environmental rambles #1: the market is unequipped to handle the fight against climate change

figsandnewtons:

It just occurred to me that for all I post about politics, I don’t actually post about my area of expertise—that being environmental policy and sustainable measures. And as I’m getting deeper into conversations with people, I forget how much I just assume is known. So here’s a loose series I’m going to begin. I have no outline or general idea about how long these posts will be.

The key issue when tackling *climate change* or environmental degradation (ugh do I have to write a post that explains how this is a real problem? Please no.), and frankly the key issue when tackling anything in this political climate, is money. Because solving any problem usually requires shelling out, and we have a very entrenched economic system where profit is valued above all else. For instance, with healthcare, consider how many conversations there were about the burdens on small to mid-sized business, or costs shifting to states, or how best to implement price controls. It’s the first thing anyone looks at.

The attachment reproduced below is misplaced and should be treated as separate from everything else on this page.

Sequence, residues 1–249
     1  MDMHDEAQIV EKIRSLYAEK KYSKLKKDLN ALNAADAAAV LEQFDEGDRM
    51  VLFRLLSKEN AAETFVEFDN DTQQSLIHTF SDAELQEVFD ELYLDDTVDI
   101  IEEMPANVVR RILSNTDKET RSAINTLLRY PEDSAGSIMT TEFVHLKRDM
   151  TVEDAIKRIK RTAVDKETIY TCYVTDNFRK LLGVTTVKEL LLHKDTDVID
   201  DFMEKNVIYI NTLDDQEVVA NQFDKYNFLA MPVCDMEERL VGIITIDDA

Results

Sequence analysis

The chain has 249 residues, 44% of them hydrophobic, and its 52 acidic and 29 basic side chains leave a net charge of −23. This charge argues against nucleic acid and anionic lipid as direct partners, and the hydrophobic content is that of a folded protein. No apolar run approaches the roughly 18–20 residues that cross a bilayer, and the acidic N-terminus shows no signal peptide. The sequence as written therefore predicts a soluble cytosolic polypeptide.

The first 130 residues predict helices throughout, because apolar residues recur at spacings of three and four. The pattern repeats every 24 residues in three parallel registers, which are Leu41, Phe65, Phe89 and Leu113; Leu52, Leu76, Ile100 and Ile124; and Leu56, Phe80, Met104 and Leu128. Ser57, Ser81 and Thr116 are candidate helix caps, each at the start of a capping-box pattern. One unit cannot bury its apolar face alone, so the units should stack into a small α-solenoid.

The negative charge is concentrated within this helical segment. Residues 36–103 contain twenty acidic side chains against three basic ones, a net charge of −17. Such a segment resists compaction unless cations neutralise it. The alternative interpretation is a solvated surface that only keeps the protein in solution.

Climate change is tough, because our largest sources of GHG [greenhouse gas] emissions are electricity, transportation, and heating. It seems logical to tackle the actual shit we burn to power this stuff, which is why there’s a push for renewables, or for nuclear energy (97% renewable, but that 3% is a Problem). Ditto for mixing our gas with ethanol (there’s claims that GHG emissions are net-zero because corn fields act as carbon sinks, but honestly, corn production in the USA is its own damn topic), or the push to mass transit, telecommuting, the purchasing of off-sets for travel, and electric cars.

Keep reading